South Korea regrets “leak” of consultations about Moon’s Japan visit
Written by tokyoclub on July 12, 2021
A South Korean official has expressed regret over a “unilateral leak” to news media of the contents of bilateral consultations on President Moon Jae In’s possible visit to Japan and talks with Prime Minister Yoshihide Suga later this month when the Tokyo Olympics begin, calling on the Japanese side to act “prudently.”
The Foreign Ministry official’s acknowledgement Sunday that Moon is considering visiting Tokyo to attend the Olympic opening ceremony on July 23 and holding summit talks with Suga on the sidelines came after Japanese media reports in recent days about those possibilities.
Combined photo shows Japanese Prime Minister Yoshihide Suga (L) and South Korean President Moon Jae In. (Kyodo)
Kyodo News, citing a source at the prime minister’s office, has reported that the envisioned talks could be kept to around 15 minutes — much shorter than the roughly one hour expected by the South Korean side.
The Nikkei newspaper has reported that the Japanese government appears prepared to “cut short” the talks if South Korea does not show signs of taking concrete steps over compensation claims in its courts stemming from Japan’s 1910-1945 colonial rule of the Korean Peninsula. Japan says all compensation issues were settled under a 1965 bilateral agreement.
Claiming that the contents of bilateral consultations on the possible Moon visit and summit talks with Suga have been “unilaterally leaked to the mass media from the Japanese position and standpoint,” the South Korean official said those circumstances “make it difficult to continue government-to-government consultations.”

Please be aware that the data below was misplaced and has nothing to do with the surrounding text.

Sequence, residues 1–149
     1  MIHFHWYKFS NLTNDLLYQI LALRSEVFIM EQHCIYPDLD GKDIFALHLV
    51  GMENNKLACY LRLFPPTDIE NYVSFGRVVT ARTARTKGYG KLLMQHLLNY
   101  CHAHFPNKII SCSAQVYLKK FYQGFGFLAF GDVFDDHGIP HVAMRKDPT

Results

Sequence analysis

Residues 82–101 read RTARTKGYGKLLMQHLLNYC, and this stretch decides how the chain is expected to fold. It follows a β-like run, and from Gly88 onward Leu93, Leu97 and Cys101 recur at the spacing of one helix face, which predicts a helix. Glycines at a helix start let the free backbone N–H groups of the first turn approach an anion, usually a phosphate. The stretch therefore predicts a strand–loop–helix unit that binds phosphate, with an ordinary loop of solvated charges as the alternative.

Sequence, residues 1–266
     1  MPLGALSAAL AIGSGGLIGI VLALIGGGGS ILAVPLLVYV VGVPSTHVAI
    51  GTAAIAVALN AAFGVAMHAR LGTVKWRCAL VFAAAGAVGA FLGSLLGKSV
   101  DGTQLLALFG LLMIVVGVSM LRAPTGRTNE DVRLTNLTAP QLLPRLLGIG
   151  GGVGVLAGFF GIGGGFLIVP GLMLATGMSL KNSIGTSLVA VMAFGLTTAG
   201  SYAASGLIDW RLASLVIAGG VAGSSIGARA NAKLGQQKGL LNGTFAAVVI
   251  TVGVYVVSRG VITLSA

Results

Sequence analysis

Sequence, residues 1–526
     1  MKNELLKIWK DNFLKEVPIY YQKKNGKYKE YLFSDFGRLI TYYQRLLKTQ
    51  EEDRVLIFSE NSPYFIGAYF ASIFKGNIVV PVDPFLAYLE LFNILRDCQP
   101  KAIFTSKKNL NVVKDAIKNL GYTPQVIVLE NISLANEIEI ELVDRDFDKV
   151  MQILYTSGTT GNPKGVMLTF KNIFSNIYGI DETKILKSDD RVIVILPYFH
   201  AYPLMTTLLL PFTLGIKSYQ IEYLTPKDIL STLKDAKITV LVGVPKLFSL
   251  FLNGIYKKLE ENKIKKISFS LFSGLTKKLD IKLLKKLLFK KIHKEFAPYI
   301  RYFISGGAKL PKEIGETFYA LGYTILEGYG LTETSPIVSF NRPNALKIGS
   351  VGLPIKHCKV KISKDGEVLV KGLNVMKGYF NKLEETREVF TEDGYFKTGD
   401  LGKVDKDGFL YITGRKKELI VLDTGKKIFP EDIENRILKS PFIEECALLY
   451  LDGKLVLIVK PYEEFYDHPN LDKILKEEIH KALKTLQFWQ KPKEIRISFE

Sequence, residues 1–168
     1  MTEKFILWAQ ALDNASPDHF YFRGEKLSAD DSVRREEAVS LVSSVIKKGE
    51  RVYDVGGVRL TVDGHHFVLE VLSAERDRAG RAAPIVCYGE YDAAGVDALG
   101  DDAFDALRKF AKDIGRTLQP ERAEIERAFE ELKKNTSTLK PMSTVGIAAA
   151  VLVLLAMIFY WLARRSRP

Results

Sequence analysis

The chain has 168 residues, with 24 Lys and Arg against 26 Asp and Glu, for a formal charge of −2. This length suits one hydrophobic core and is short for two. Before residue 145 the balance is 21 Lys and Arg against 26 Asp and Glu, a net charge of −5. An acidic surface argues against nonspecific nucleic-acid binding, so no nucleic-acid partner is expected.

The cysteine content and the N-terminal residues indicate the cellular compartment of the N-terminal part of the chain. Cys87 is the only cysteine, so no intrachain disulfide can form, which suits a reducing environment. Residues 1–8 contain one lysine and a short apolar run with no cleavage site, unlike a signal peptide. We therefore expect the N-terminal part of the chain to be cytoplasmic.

While Seoul has been calling for full-fledged summit talks between the two leaders during a Moon visit to Japan, Tokyo remains reluctant to pursue the idea.
Japanese and South Korean leaders have not held summit talks since Suga’s predecessor Shinzo Abe and Moon met in China in December 2019. Suga, who replaced Abe in September, merely exchanged greetings with Moon during a Group of Seven summit event in Britain last month.
Meanwhile, South Korean newspaper JoongAng Ilbo, in an online report Sunday, quoted a senior presidential office official as saying that Moon will consider meeting with Suga at the Olympics “only if there is sincere discussion of at least one of three pending issues to be resolved with Japan.”
The three issues are historical ones surrounding former “comfort women” forced to work in wartime Japanese military brothels and wartime laborers, Japan’s toughened controls of materials exported to South Korea, and a planned discharge of tritium-containing treated water into the sea from the crippled Fukushima Daiichi nuclear power plant, according to the report.